• The Lion Air crash ... which started the 737 MAX controversy

    From Aviation HQ@2:292/854 to All on Fri Oct 25 16:51:35 2019
    The accident of the Boeing 737 MAX of Lion Air in October 2018 was caused by a combination of a technical defect and design errors. This is apparent from a briefing given by Indonesian investigators to the families of the victims, in anticipation of the presentation of the final report.

    As previously reported, unreliable data from an angle-of-attack sensor triggered the new and unknown Maneuvering Characteristics Augmentation System (MCAS).

    The sensor that was linked to the MCAS was recently repaired but not properly calibrated. The fact that the MCAS was linked to only one angle-of-attack sensor made the system vulnerable in the event of technical failure, as was the case uring the ill-fated Lion Air flight.

    The researchers also found that the design and certification of the 737 MAX did not properly assume how the MCAS functions and how pilots would react when the system was activated. A lack of training for 737 MAX pilots made it extra difficult to solve the problems.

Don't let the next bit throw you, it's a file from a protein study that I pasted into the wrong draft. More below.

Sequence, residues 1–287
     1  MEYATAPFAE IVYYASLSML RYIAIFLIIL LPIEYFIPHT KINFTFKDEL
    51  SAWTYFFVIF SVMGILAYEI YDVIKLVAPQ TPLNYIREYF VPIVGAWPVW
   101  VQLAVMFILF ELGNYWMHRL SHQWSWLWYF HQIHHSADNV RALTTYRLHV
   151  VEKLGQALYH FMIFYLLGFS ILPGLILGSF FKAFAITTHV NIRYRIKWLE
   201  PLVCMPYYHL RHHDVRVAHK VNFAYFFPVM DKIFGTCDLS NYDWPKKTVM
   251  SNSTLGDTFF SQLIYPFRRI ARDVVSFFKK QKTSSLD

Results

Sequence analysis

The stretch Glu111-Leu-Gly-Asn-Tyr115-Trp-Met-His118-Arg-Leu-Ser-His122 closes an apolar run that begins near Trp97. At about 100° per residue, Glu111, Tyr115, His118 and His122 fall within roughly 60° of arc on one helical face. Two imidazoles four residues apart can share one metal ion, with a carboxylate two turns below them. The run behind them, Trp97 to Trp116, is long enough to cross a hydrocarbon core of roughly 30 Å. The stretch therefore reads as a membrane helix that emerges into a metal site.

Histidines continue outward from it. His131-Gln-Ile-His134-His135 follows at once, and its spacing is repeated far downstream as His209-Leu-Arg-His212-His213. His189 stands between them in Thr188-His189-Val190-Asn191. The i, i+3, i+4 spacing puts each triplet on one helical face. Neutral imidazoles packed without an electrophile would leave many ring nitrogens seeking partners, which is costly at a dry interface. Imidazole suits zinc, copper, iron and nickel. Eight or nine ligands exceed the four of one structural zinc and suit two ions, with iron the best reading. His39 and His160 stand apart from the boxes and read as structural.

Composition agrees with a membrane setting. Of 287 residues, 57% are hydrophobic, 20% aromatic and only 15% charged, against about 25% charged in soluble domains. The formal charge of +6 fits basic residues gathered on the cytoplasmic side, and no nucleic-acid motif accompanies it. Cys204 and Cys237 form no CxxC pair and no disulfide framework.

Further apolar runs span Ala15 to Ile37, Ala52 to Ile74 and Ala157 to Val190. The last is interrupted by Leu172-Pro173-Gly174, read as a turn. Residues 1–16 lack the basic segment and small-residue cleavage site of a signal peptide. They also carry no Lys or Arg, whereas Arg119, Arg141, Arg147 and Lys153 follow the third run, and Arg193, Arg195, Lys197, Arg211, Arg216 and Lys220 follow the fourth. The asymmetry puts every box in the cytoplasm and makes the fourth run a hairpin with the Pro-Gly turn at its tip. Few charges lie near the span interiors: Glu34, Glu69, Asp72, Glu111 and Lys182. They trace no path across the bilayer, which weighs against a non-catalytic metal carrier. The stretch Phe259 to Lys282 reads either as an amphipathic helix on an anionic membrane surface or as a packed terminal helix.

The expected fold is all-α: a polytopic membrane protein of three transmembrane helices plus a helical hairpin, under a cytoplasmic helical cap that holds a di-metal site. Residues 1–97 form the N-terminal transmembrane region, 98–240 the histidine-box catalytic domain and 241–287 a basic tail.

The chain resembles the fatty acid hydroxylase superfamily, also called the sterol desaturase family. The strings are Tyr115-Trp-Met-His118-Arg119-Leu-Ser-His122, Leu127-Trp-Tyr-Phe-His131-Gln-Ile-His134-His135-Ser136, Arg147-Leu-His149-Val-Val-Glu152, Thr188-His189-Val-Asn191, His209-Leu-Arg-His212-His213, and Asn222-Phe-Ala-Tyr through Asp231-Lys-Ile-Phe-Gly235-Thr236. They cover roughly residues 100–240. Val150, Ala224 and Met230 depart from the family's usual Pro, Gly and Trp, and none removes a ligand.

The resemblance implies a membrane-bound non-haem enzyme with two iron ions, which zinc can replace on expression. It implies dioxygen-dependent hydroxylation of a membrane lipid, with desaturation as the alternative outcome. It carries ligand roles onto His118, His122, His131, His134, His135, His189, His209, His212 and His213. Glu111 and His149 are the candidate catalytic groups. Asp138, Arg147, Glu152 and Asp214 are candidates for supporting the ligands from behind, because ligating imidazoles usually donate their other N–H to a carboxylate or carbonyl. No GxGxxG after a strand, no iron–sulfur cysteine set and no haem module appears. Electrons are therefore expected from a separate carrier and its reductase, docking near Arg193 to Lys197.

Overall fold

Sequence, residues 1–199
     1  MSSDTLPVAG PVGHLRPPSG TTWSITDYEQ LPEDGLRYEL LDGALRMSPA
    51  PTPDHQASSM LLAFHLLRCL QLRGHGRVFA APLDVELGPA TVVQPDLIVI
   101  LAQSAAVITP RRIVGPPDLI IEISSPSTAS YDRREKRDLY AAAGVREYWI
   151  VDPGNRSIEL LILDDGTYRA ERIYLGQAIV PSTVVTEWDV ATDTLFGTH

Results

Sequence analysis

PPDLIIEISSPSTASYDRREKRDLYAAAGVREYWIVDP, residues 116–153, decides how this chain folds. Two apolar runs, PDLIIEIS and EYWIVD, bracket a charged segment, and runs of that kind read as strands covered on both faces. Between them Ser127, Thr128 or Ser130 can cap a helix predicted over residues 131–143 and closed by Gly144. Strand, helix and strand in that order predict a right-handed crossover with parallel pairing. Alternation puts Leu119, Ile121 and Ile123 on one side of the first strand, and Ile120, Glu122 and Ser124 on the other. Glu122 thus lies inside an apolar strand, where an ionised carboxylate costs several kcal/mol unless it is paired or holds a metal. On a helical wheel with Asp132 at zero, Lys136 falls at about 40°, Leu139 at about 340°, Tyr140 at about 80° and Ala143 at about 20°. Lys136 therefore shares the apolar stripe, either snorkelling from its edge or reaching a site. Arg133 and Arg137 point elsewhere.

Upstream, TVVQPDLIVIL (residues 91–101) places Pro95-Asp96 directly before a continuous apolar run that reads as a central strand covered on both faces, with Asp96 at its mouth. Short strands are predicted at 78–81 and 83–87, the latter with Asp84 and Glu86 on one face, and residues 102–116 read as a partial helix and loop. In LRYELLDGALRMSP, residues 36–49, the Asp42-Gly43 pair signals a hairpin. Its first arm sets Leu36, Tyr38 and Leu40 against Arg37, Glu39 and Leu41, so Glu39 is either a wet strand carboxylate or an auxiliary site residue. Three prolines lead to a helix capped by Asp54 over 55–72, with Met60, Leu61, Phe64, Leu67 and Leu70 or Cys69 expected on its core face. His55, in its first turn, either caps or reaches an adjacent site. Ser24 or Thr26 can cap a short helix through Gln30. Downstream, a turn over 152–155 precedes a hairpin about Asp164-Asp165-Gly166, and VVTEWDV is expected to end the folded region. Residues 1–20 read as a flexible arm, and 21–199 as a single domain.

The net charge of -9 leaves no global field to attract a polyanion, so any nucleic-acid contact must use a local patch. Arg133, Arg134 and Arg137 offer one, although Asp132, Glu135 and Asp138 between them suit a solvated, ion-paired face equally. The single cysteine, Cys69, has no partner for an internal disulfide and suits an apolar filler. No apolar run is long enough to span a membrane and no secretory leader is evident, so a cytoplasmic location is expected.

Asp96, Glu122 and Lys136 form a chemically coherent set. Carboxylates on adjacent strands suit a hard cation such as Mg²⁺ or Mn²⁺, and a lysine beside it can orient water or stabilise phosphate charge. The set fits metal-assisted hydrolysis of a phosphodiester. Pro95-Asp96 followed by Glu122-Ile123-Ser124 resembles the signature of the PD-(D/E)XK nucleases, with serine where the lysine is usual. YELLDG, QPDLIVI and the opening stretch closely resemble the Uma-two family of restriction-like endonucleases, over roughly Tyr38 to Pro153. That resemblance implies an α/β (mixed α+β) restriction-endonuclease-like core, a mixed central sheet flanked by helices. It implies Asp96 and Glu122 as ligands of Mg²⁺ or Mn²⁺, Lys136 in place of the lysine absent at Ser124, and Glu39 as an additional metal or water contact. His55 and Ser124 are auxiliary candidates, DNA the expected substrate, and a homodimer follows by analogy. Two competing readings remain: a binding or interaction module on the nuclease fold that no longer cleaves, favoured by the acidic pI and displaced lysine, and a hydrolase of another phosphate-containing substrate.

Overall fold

Due to the malfunctioning angle-of-attack sensor, the MCAS mistakenly thought that the aircraft ascended too steeply and ended up in a stall. This was "corrected" by pushing down the nose of the aircraft. Repeated attempts by the pilots to push the nose up again ultimately yielded nothing, causing the aircraft to crash into the Java Sea. All 189 passengers were killed.

    According to Reuters, slides that researchers showed to relatives also showed that there was not enough documentation available about how systems would behave in a scenario such as occurred on flight JT610. The pilots were also distracted by "shortcomings" in manual operation of the aircraft and communication.

    In March this year, a Boeing 737 MAX 8 from Ethiopian Airlines crashed under similar circumstances as flight JT610. Shortly thereafter, a worldwide flight ban was introduced for the 737 MAX. Boeing has developed a series of design adjustments that are still awaiting certification. It is not yet known when the 737 MAX fleet will be able to fly again.

    Due to the problems with the 737 MAX, aircraft manufacturer Boeing is under a magnifying glass. The company has set aside billions of dollars for damages to relatives and customers. It has also been found that the American aviation authority FAA mismanaged the certification of the 737 MAX.

    --- D'Bridge 3.99
    * Origin: AVIATION ECHO HQ (2:292/854)